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Insect sting allergy …

Insect sting allergy

Presented by Chuleeporn Kongmeesook, MD,

2013

Published in Health & Medicine
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  • 1. INSECT ALLERGY CHULEEPORN KONGMEESOOK ,MD
  • 2. Outline Epidemiology Clinical presentations Diagnosis Treatment
  • 3. Apidae Vespidae Formocidae Pesek et al. Allergy Asthma Immunol Res. 2013 May;5(3):129-137. May;5 ):129-137. Bilό et al. Allergy 2005;60: 1339–1349. Bilό 2005;60: 1339–1349.
  • 4. Apidae
  • 5. Vespidae
  • 6. Formicidae
  • 7. Pesek et al. Allergy Asthma Immunol Res. 2013 May;5(3):129-137. May;5 ):129-137. Bilό et al. Allergy 2005; 60: 1339–1349. Bilό 2005; 60: 1339–1349.
  • 8. Cross reactivity 1 Double or even multiple positive tests can be caused by true double sensitization or by cross-reactive crossIgE antibodies. Bilό et al. Allergy 2005; 60: 1339–1349 Bilό 2005; 60: 1339–
  • 9. Cross reactivity 2 Within Apidae family Venoms and major allergens of different honeybees worldwide very similar (Phospholipase A2). Bumblebee PLA2 is only 53%. PLA2 53%. Immunologic cross-reactivity exist between crosshoneybee and bumblebee venoms venoms. Bilό et al. Allergy 2005; 60: 1339–1349 Bilό 2005; 60: 1339–
  • 10. Cross reactivity 3 Within vespid venoms CrossCross-reactivity among vespids is strong, due to similarities of venom composition and structure of single allergens. Bilό et al. Allergy 2005; 60: 1339–1349 Bilό 2005; 60: 1339–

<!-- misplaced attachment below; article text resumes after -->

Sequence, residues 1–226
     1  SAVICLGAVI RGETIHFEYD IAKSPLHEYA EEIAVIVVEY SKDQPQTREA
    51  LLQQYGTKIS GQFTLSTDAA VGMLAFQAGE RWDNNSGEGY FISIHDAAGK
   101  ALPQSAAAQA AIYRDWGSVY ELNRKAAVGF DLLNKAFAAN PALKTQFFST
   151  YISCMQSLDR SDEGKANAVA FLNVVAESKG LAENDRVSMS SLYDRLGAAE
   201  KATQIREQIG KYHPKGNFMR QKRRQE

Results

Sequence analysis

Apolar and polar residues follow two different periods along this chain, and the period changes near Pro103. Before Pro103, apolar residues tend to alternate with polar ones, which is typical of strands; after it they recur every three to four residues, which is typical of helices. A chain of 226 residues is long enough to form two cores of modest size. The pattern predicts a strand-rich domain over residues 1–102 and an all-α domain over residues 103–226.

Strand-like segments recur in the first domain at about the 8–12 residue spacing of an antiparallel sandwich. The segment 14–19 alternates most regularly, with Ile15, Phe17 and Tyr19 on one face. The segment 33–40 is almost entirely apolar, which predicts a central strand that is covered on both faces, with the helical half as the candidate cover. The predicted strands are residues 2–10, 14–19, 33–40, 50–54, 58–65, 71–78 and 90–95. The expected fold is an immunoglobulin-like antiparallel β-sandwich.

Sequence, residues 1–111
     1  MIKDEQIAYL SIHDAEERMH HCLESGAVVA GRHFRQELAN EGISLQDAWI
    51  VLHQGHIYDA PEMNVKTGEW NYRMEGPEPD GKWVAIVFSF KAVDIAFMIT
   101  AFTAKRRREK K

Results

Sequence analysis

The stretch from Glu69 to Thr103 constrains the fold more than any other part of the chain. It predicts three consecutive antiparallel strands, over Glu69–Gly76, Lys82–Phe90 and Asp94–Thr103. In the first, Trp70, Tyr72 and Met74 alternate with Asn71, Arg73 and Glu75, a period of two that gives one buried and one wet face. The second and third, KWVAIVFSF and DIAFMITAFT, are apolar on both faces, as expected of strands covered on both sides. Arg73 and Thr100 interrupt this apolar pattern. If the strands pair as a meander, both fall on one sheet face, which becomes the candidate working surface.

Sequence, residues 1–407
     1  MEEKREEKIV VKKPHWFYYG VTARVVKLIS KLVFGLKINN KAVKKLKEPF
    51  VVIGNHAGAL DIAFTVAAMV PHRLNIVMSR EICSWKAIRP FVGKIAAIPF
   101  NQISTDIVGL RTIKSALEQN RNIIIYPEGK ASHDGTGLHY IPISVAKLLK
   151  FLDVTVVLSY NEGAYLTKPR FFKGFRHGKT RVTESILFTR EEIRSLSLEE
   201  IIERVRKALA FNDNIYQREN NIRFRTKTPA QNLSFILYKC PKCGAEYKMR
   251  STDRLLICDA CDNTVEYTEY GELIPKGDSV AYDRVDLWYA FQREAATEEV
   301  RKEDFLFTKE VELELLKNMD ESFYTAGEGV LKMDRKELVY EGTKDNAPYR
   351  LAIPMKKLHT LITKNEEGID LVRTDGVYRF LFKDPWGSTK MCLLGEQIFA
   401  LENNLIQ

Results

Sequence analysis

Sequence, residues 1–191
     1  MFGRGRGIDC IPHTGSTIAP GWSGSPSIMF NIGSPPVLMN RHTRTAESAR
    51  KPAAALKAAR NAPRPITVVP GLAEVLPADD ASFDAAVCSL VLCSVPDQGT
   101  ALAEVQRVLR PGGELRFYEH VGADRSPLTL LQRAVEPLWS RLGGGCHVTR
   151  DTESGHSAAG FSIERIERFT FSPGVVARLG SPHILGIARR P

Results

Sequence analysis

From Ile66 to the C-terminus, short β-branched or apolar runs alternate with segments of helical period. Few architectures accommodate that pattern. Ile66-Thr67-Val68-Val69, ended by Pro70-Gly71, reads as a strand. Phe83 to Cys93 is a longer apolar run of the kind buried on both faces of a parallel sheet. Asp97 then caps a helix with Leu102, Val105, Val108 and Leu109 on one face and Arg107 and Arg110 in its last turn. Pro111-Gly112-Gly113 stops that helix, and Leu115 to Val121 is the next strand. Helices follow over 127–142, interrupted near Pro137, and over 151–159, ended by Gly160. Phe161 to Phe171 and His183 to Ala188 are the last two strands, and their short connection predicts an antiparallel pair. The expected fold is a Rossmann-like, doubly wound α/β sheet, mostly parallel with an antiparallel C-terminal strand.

• 11. Cross reactivity 4 Between venoms of Apidae and Vespidae Hyaluronidase (major crossreactive component) 50% sequence identity between component) 50% honeybee and vespid venoms Bilό et al. Allergy 2005; 60: 1339–1349 Bilό 2005; 60: 1339–
  • 12. Epidemiology 1 Depending on country’s climate. 56. 56.6 – 94.5% stung by Hymenoptera insect 94. at least once in live. Prevalence 9.3 - 28.7% in adult. 28. Bilό et al. Allergy and Clinical Immunology 2008 ; 8:330–337 Bilό 330–
  • 13. Epidemiology 2 Systemic allergic reactions up to 3% of adults and 1% of children. Large local reactions uncertain, estimated 10% 10% in adults. Fatal stings at least 40 each year in USA and 16– 16–38 in France. Lieberman P In: Allergy: Principles and Practice. Elsevier Inc, 2009. p. 1005-17 2009. 1005-
  • 14. Epidemiology in Thailand 1 Chulalongkorn Etiologies of anaphylaxis : Drug 48 %, Food 31 %, Contrast media 6 %, Unknown 5 % and Insect sting 4 %. Techapornroong M et al Asian Pac J Allergy Immunol 2010;28:262-9. 2010;28:262-